My heart, it felt like a steel elevator ready to slam shut. My toddler’s whines about an itchy shirt tag at bedtime started loosening my grip on the red doors I patiently propped open all day long. “I’m feeding your sister. You can change your shirt but I can’t cut the tag right now.” He cried, picked out a new shirt, pulled it over his head, then off and on again several times. “Go to sleep,” I finally said in my deepest baritone as I glanced at the clock and tried not to wake the sleeping baby in my arms. My open heart shuttered with a thud and dropped several flights. My chest tightened. Love fled the room. “Go to sleep,” I said again. “I’ve had enough.”
I heard the ugliness in my tone. I could feel my lips pressed together, poised for blame. I rationalized like a woman who lets an elevator close on a stranger. “He needs to get over it.” “I can’t fix everything for him.” Yet, this wasn’t a stranger. This was my son. This ability to cut myself off from someone I love is something I’ve been working on and praying about almost daily. Holding my heart open, even when I’m annoyed, tired, hungry, anxious, and frustrated takes dedication and most importantly practice. I quickly felt the tension in my body and found myself on the wrong side of love. I reluctantly placed my free arm on Brandon. I softened a little. “Let me help get your shirt back on,” I said with a stiff jaw still two floors south of contentment.
I can’t and shouldn’t fix everything for Brandon and I’m not going to cut every tag out of his shirt until he gets married. I can fix my reactions to him. I’m watching it and working on it every day. I keep a copy of Shelia McCraith’s Love More, Yell Less in the bathroom (she gives 100 alternatives for yelling including shouting into where else? A toilet.) I’m reading it slowly day by day. It’s a book for moms like me who want to conquer their urge to yell. She’s behind the Orange Rhino challenge and offers a plethora of tips and tricks. Yelling is my last resort and it takes me straight to the shame-filled basement of my heart. I’m doing much better but I still need practice dealing with anger (usually fear based) and managing my soon-to-be preschooler’s antics. While I want my kids to understand how much I love them (even when they’re a wreck over a shirt tag) I don’t always show up that way. Instead, I think “it’s just a [bleeping] shirt tag.” I’m sure I’m not alone. I’m sure this is just motherhood.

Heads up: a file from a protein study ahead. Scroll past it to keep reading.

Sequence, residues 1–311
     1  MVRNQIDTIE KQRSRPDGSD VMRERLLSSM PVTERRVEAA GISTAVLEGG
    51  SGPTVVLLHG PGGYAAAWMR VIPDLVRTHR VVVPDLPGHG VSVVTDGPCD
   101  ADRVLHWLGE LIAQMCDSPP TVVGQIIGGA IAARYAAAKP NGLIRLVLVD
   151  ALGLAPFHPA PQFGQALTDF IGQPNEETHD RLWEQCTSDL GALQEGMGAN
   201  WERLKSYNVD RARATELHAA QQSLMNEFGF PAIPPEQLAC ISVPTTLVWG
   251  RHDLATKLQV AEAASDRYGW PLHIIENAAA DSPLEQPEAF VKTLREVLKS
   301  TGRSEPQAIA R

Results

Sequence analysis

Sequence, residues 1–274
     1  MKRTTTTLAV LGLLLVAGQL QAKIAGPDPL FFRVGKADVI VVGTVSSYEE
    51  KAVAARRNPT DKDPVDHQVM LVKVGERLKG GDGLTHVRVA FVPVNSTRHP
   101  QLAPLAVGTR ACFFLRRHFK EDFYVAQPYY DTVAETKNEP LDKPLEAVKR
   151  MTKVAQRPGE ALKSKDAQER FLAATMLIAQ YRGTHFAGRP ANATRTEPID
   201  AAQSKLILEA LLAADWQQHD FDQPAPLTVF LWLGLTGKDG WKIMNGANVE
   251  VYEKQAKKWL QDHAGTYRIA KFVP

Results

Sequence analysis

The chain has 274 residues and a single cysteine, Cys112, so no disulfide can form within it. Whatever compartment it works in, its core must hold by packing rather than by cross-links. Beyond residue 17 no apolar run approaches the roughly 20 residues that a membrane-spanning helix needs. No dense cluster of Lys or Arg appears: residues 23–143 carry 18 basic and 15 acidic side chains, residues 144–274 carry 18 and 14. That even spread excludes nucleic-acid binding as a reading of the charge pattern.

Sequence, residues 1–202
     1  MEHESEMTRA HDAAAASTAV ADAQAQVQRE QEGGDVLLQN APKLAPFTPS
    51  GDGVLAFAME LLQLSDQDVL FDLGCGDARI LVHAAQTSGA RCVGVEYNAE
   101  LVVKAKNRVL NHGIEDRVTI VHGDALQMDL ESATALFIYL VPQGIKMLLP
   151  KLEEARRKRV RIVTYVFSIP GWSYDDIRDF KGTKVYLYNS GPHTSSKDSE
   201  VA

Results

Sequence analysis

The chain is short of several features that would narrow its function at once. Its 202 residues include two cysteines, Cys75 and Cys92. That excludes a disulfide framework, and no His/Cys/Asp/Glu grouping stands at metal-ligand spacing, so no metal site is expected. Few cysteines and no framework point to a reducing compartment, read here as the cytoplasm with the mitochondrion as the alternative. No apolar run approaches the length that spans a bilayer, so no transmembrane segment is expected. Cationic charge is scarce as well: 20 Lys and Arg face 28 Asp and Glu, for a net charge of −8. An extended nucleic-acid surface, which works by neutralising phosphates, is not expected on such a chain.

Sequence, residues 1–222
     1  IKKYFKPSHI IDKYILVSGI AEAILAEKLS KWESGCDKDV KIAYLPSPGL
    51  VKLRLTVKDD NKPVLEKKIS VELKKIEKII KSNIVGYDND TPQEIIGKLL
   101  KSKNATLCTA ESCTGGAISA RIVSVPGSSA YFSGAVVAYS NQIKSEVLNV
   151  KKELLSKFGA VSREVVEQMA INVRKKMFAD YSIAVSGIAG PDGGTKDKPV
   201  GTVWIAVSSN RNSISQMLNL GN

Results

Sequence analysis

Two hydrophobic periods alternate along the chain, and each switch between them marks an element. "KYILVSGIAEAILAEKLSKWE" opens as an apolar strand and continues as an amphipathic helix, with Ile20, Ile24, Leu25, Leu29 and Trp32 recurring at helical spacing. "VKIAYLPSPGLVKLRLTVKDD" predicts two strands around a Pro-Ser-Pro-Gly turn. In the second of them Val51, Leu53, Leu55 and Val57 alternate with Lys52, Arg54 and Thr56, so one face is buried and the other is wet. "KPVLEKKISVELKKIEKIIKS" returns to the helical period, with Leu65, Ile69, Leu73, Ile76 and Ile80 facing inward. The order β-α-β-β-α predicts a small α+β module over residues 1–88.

Marianne Williamson says everything is either “love or a call to love.” (Brandon and Addison are either showing love or giving me a reason to show them, unconditional love.) Therefore, motherhood often feels like I’m taking calls in an overcrowded help center where I’m expected to cheerfully respond to emotionally charged customers all day. My prayer lately: “God, help me answer every call to love, and let these calls to love become less frequent because I’m showing up lovingly throughout the day.” Part of my work not yelling means feeling my emotions rather than reacting to them. I am committed to being the most mindful and empathetic mother I can possibly be.
Actually witnessing my heart close to my son felt like a breakthrough. My emotional experience was very much a physical one too. This awareness allowed me the opportunity to change course and avert a guilt-laden scream session. I stopped myself just in time. I didn’t solve the problem. He still cried. I still couldn’t cut the shirt tag off. My empathetic touch calmed him and healed me. I expressed myself (albeit in a terrible tone.) “I’ve had enough.” My chest relaxed a little more as Brandon fell asleep. I needed to answer one more call to love—the call of a tired mom of two. I showed up. I stood inside my heart and realized I’m the one holding the doors. Tomorrow I’ll do better. Tonight, I gave everything I had left. It was enough.
Camaron Brooks is a mother of three energetic little ones. She loves her family, coffee, writing, reading, and getting outdoors. She’s inspired to live her best life through mindfulness, gratitude and impromptu dance parties in her living room. She’s the author of Studio Baby. She chronicles her sometimes hilarious first year as a mom, reflects on her time working as a reporter and offers a takeaway, affirmation or set of questions after each chapter to help other moms embrace the journey.